253,284 Pages

Joaquín Canaveris Esparza
Syndic of the Commerce Consulate of Buenos Aires

In office
Preceded by  ?
Succeeded by  ?
Personal details
Born Joaquín Joseph León Canaveris de Esparza
April 9, 1789
Buenos Aires, Viceroyalty of Rio de la Plata
Died c.1840
Buenos Aires, Argentina
Nationality Argentine
Political party Confederationist
Spouse(s) María Ana Bayá y Canaveris
Occupation Politician
Profession Legal
Religion Catholicism
Military service
Allegiance Spain Spain — until 1810
Argentina United Provinces of the River Plate
Service/branch Creole militias
Argentine Army
Years of service 1806-1821
Rank Second Lieutenant
Unit Tercio de Vizcaínos
Battles/wars British invasions of the Río de la Plata

Joaquín Canaveris (1789–1840s) was an Argentine attorney, politician and military man. Among other public positions he served as consignee in The Consulate of Buenos Aires.[1] He had an active participation in the defense of Buenos Aires during the English invasions, serving as an Assistant in the battalion of Tercio de Vizcaínos.[2]


Canaveris was born in Buenos Aires, son of Juan Canaveris, born in Northern Italy, and Bernarda Catalina de Esparza, belonging to an old patrician family the city. He possibly studied in the Escuela Nacional de Náutica or Colegio Real de San Carlos, and studied law at the University of Córdoba.


Uniform belonging to the Third of Vizcaínos

In 1806 and 1807 Joaquín Canaveris had participated in the defense of Buenos Aires against the English invaders, serving as Adjutant in the 7th Company of Asturians, and taking part in the Combate de Miserere, under the Command of Captain Miguel Cuyar.[3] He served in the same company as his brother-in-law Fernando López Linera, a trader dedicated to exporting leather. His cousin or relative Martín Esparza, friar of Santo Domingo, was killed, during the assault of British troops to the convent.[4]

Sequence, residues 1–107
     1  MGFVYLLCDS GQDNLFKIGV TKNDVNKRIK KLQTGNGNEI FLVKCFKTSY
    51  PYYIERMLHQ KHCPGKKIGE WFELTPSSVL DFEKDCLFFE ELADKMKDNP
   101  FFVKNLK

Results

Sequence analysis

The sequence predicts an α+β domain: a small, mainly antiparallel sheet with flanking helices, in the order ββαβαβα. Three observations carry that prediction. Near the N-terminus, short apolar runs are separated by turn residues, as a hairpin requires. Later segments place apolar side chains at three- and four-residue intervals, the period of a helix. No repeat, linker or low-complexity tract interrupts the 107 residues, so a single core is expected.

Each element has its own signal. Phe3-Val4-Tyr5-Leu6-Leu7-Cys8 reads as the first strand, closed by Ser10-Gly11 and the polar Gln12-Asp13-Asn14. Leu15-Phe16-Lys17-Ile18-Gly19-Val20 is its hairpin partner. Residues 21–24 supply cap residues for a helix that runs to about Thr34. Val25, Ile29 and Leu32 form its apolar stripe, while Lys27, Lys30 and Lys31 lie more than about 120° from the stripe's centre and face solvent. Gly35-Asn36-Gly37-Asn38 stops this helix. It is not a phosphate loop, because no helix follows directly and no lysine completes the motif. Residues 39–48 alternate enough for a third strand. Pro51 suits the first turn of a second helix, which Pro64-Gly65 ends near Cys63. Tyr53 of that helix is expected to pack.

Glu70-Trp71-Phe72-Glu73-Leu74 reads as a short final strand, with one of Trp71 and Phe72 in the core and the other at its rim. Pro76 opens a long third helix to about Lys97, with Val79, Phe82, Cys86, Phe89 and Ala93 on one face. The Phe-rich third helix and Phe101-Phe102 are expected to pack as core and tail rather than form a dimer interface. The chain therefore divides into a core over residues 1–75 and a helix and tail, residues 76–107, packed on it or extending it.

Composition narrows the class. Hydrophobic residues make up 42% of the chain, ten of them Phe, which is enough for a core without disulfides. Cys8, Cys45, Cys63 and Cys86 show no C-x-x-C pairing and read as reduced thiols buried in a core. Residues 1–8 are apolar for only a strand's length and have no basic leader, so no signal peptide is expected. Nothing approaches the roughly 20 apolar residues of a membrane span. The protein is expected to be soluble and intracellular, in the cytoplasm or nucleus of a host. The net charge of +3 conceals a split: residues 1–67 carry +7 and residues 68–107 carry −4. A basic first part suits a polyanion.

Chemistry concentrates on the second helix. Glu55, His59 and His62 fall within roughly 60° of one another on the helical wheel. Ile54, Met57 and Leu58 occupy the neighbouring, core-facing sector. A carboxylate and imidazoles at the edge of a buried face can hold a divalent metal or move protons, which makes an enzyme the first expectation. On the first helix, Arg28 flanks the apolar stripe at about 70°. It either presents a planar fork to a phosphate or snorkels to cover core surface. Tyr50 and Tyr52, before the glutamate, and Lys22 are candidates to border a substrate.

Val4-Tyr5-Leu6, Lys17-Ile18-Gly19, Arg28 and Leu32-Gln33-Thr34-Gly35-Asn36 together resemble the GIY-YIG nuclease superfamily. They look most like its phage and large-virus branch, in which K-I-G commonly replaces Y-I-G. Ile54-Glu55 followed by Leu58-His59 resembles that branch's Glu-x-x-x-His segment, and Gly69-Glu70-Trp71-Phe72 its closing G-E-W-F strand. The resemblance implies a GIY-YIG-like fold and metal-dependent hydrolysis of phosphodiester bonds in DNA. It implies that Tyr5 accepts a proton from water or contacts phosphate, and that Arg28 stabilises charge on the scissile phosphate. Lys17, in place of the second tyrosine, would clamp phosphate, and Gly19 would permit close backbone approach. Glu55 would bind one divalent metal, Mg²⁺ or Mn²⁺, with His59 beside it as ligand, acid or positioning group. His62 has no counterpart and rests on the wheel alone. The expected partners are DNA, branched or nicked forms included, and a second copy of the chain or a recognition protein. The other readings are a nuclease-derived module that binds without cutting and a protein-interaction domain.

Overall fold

The Tercio de Vizcaínos, was created during the first Invasion. It was formed by five companies from Biscay and Navarre, two from Asturias, and one from Castilla la Vieja. During the second invasion the third of Viscaínos participated in the Combat of Miserere.[5]

In 1816, was created a civilian militia brigade, by order of the Supreme Director, being appointed to Joaquín Canaveris to serve as Second Lieutenant of the same. That same year, he was sworn as Alcalde of barrio, serving in the sector 4 ° of the neighborhood of the city.[6] During the colonial and post colonial period, the alcaldes administrators, fulfilled police functions, being the ones in charge of the surveillance of the city. These officers were escorted by a civic group of militia formed by some neighbors, being armed with carbines, pistols and bowie knives.[7]

Canaveris began working on administrative tasks in the Cabildo, and after the Declaration of Independence, he was appointed Alcalde in the neighborhood of Monserrat and San Nicolás, populated largely by traders of British and American origin.[8] During his term as alcalde had sent to jail to Joseph Thwaites, a famous English merchant, who had been accused of debts.[9]

In 1816, Joaquín Canaveris had worked at the consulate of Río de la Plata, in substitution of Juan Antonio Zemborain. At the consulate he had served with the Councilors Pastor Lezica, Francisco del Sar Arroyo and León Ortiz de Rozas.[10] That same year he adheres to Argentine Federalism,[11] and participated in the donations made for the reorganization of the Argentine Army, after the Battle of Sipe-Sipe in the Upper Peru.[12] Towards the year of 1823 he held the position of Syndic in the Consulate of Commerce of Buenos Aires.[13]

He had also served as conciliator and attorney in Buenos Aires. In 1824, he was legal representative of José Joaquín de La Serna, in the trial against Manuel de las Carreras, represented by Miguel Mármol.[14]